Many pond and water garden owners live in places that get cold during winter, but want to keep aquatic plants anyway, some of which only grow naturally in warmer climates. This presents a challenge that must be overcome, because while aquatic plants can be safely kept in cold climates, if it is not done correctly they can die.
Typical Advice That is Given For Plant Winterization
Those that live in areas which receive below freezing temperatures must prepare their aquatic plants for winter. While some pond owners think that you should get rid of any tropical or floaters, and only keep aquatic plants which are hardy, this isn’t the best advice, especially when they recommend that the hardier aquatic plants will need to be sunk down to the deepest area of the water garden or pond. The idea is that once spring arrives, the plants will need to be pulled up and returned to shallow water for spring and summer. While it sounds good on paper, things aren’t this simple.
Why You Shouldn’t Drown Your Plants During Winter
The best solution for protecting plants during winter is to leave them as is. While you will need to make some preparations, you should never submerge them. Plants, even aquatic ones which are designed for water, can die if exposed to too much of it. A better method for preparing and protecting your plants during the winter months is to remove the leaves, stems and spent flowers to the plant’s crown. For marginal plants like parrot feather or watercress, you will want to slice down the growth to its crown, while leaving one or two inches for stems which are in good condition.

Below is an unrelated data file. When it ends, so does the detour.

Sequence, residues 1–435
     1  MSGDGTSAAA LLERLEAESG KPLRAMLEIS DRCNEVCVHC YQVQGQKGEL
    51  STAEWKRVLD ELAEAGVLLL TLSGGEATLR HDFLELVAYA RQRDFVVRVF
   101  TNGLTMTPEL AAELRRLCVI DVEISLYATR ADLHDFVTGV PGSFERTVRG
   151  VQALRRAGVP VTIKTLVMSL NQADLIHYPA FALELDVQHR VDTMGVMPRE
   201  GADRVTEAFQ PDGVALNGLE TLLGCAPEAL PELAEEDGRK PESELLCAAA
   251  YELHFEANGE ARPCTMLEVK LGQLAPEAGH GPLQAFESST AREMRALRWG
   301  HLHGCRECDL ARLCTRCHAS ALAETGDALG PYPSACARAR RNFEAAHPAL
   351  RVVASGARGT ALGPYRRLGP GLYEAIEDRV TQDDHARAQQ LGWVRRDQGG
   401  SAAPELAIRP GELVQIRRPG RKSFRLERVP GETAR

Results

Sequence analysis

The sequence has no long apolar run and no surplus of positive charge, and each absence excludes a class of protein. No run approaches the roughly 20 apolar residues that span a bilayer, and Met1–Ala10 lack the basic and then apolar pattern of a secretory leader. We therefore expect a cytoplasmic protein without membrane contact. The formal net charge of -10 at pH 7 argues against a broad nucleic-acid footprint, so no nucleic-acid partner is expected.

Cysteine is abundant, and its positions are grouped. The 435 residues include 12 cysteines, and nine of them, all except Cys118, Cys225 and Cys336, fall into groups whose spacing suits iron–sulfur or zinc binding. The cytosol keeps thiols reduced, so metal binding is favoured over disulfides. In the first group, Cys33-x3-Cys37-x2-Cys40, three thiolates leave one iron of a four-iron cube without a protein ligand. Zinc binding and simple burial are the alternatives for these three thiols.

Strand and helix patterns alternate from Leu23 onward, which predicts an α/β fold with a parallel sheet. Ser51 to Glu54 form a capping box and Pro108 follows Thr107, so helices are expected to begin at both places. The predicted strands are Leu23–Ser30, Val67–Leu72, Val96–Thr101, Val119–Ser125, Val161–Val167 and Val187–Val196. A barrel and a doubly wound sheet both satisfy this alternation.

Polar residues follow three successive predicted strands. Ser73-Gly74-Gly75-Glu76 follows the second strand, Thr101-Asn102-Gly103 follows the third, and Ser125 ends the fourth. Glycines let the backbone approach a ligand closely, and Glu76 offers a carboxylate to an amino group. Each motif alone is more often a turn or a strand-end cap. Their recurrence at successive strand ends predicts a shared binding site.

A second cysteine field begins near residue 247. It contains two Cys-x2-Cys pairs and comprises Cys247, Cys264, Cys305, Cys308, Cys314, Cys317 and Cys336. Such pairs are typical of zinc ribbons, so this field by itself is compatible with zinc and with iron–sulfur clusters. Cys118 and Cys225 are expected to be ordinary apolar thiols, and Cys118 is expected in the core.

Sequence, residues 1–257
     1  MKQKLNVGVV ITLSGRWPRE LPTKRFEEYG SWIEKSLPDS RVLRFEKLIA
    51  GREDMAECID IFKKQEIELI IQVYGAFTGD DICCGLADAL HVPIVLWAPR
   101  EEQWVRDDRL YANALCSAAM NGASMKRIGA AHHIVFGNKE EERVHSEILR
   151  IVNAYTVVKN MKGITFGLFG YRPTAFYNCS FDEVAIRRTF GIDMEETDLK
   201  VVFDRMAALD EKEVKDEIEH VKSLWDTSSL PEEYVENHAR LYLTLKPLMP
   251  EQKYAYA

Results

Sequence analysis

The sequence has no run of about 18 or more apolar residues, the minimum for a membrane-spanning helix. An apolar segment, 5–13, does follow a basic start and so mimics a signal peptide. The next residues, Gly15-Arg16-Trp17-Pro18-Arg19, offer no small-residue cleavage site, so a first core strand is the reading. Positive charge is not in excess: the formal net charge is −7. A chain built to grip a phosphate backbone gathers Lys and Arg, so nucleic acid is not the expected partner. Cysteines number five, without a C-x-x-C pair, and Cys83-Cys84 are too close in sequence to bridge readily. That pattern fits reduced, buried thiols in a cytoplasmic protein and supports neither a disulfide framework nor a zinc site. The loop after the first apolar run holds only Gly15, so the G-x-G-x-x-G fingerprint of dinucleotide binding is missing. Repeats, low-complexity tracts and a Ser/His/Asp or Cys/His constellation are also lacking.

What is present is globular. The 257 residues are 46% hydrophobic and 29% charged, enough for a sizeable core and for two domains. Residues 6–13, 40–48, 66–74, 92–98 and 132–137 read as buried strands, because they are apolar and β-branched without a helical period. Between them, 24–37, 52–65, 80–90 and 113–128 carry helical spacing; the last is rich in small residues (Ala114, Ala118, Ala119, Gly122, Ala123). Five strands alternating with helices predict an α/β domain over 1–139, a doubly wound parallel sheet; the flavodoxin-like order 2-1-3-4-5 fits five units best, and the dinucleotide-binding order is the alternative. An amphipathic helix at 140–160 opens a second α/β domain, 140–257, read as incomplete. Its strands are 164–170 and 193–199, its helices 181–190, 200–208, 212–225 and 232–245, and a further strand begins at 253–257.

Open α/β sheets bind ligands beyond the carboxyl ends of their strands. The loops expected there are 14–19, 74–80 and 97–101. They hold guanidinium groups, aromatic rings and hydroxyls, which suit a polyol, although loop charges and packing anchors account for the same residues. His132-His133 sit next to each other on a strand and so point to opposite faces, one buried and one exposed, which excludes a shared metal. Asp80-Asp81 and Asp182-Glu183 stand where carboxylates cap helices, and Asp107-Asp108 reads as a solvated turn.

For plants such as pickerel or iris the stems or leaves can be cut to about six inches over the plant’s crown which should be near the water level. The plants should not be fertilized, at least not yet, and any hardy plants that are already performing well do not need to be moved at all, or sunk to the pond’s bottom. When you’re dealing with aquatic or marginal plants which are hardy they are already evolved and acclimated to handle extreme cold or heat. The water’s edge of the pond is the toughest area, and any plants that reside there will be very resilient.
Nature has already equipped them to deal with these conditions, so there isn’t a whole lot of additional work that is required from the owner. It is unnecessary to drown the plants for months, and should they manage to recover from this, in most cases they will not thrive or recover rapidly. In fact, it has been found if plants are drowned for two seasons they will succumb by the third. So to those that live in areas with colder weather, it is best to cease the practice of submerging plants and instead use alternative methods, as it will help your plants live a healthier and longer lifespan.